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Last day for input into Tofino fish farm’s hydrogen peroxide application

“We are applying for another tool to have in our toolbox for managing fish health on our farms.”
Westerly File photo Cermaq Canada hopes to add hydrogen peroxide to its arsenal to combat sea lice at its local salmon farm sites.

Cermaq Canada is seeking permission to use hydrogen peroxide to kill sea lice at its Clayoquot Sound fish farms.

The company has submitted an application to B.C.’s Ministry of Environment that, if approved, would allow it to use up to 2.3 million litres of a pesticide called Paramove 50 from January, 2018, to Dec. 31, 2020.

Paramove 50 contains hydrogen peroxide, which company spokesperson Grant Warkentin said Cermaq has never used in the past, but has been used by other aquaculture companies. Marine Harvest was the first company to use it in B.C. in 2014.

“It’s all about maintaining the best fish health that we can. We want to make sure that our fish are healthy so that, if there are any interactions with wild fish in the area, there’s no risk and no threat coming to them from our fish,” Warkentin told the Westerly News

“Wild fish carry sea lice naturally. That’s the way it’s been for thousands of years. It’s just a parasite that’s evolved and found itself a niche in the ocean ecosystem…The variable that we bring to the table as fish farms is that, if we don’t manage our farms properly, it can artificially increase the number of lice that’s there in a region. As long as we manage them properly and make sure that those levels are low, especially when the wild salmon are at the most vulnerable, when they’re young, we’re not creating any additional risk for the wild fish.”

He said Cermaq currently uses an antibiotic insecticide called emamectin benzoate, referred to as SLICE, at its farms whenever a threshold of three louse per fish is reached.

“We are applying for another tool to have in our toolbox for managing fish health on our farms because, right now, we only have the one,” he said. “You can’t rely on one tool forever.”

He said SLICE is put on the fish’ food and ingested, whereas Paramove 50 would be applied externally through a bathing process.

He said Cermaq hopes to avoid putting hydrogen peroxide directly into its farms by, instead, vacuum-pumping salmon into well-boats to be bathed and then returned to the ocean. He added, though, that, if approved, the application would allow Cermaq to place tarps around a farm before putting Paramove 50 directly into it.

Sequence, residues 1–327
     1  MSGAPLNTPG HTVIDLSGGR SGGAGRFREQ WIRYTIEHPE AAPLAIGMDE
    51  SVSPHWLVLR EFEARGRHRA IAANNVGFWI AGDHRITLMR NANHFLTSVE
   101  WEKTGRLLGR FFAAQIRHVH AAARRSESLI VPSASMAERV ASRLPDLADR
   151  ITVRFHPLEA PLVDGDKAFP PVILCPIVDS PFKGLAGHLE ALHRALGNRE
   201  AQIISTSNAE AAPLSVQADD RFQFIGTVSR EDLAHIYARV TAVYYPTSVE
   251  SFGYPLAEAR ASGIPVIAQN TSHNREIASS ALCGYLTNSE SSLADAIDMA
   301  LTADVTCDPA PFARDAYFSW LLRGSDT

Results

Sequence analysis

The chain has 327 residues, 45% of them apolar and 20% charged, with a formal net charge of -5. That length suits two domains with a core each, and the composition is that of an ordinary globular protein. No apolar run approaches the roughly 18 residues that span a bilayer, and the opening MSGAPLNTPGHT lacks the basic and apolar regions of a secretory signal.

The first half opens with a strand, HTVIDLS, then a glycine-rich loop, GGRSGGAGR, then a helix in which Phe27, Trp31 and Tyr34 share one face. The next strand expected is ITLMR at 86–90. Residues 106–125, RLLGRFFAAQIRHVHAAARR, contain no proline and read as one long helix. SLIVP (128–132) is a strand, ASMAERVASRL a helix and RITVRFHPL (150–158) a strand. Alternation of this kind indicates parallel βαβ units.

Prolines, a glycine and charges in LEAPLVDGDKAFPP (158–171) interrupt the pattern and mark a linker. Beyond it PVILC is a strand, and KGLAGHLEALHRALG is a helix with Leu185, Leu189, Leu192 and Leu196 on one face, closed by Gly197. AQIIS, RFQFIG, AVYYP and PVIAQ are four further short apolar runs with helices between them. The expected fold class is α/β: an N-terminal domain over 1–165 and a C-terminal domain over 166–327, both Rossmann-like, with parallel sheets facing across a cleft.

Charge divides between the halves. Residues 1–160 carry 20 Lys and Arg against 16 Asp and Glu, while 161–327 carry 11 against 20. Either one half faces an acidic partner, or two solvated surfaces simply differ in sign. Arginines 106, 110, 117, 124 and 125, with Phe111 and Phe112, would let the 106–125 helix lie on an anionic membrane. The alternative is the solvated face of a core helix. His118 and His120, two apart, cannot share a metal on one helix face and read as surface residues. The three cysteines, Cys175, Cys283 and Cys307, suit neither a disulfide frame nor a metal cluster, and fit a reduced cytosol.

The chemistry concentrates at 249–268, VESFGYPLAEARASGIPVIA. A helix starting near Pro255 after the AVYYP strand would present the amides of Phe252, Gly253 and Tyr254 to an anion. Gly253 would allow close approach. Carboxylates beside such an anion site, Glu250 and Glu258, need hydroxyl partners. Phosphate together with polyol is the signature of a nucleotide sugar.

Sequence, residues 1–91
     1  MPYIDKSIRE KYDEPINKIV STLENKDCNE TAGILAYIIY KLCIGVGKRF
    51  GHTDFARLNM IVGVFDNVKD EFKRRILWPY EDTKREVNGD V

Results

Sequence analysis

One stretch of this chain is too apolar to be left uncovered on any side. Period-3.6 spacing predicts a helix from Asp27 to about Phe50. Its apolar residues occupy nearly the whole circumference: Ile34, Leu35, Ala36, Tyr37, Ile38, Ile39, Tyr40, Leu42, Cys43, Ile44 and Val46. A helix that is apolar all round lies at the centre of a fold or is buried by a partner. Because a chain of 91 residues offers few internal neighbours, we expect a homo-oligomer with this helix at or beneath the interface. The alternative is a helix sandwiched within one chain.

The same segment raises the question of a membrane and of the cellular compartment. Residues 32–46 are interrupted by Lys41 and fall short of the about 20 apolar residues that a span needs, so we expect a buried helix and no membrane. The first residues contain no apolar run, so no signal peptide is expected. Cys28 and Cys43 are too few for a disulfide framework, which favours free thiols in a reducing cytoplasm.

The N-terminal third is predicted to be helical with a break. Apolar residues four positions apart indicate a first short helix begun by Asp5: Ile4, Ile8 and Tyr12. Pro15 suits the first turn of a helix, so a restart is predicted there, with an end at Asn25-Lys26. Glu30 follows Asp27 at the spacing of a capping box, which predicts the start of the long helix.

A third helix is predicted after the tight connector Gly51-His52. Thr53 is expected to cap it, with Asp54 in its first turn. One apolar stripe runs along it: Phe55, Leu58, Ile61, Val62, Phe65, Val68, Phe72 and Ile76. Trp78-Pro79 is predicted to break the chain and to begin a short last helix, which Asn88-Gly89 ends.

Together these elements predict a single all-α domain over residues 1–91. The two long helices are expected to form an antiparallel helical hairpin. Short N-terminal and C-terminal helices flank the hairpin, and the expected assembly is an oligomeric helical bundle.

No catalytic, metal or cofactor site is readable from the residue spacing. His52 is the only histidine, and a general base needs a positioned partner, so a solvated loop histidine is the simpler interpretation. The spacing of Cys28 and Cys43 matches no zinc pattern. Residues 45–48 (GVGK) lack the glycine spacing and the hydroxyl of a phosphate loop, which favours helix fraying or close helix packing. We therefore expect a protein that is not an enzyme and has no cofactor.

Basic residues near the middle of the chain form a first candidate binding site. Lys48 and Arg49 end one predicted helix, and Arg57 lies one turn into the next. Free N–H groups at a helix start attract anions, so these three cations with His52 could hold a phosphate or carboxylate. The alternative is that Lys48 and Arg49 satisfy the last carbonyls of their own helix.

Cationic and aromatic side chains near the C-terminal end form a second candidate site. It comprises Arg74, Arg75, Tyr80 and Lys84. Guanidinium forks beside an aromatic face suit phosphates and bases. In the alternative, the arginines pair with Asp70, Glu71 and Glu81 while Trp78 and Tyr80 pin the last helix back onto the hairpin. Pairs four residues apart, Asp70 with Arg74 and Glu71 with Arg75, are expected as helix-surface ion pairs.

“That’s something that could happen. It’s in the application. But, the intention is to use well boats because that’s a lot more efficient. We use less product and it’s a lot less stressful on the fish,” he said. “Depending on the severity of the situation, or whatever’s going on at the site at the time, we would drop tarps around the system, like we do when we have plankton issues, and that would keep the hydrogen peroxide from leaving the site.”

The public is invited to submit feedback on the application until Nov. 30 and a petition launched by local environmental organization Clayoquot Action on Nov. 16 that urges B.C.’s Environment Minister George Heyman to deny the application had reached 33,907 signatures Thursday morning. Clayoquot Action co-founder Dan Lewis told the Westerly News that he is “very concerned,” about the impacts Paramove 50 could have on local ecosystems.

“It isn’t hydrogen peroxide. It is a pesticide that has that as the active ingredient. There are surfactants and other chemicals in there that are supposed to hold it together,” he said. “Whether it goes into a well boat or they use it directly in the farm, they would release it into the environment…It’s horrible for the fish in the farms and it’s going to spread to the wild environment. There’s just no question about it.”

He suggested sea lice can build resistance to treatments very quickly and that allowing Paramove 50 to be used could lead to “chemical creep,” where stronger and stronger chemicals are needed.

“There is no treatment that can control sea lice. If we said, ‘Go ahead and dump an Olympic sized pool of pesticides into Clayoquot Sound,’ that wouldn’t even solve the problem of sea lice,” he said. “The only solution is to get these farms out of the ocean. That is the only way to control sea lice.”

Andrew Bailey

About the Author: Andrew Bailey

I arrived at the Westerly News as a reporter and photographer in January 2012.
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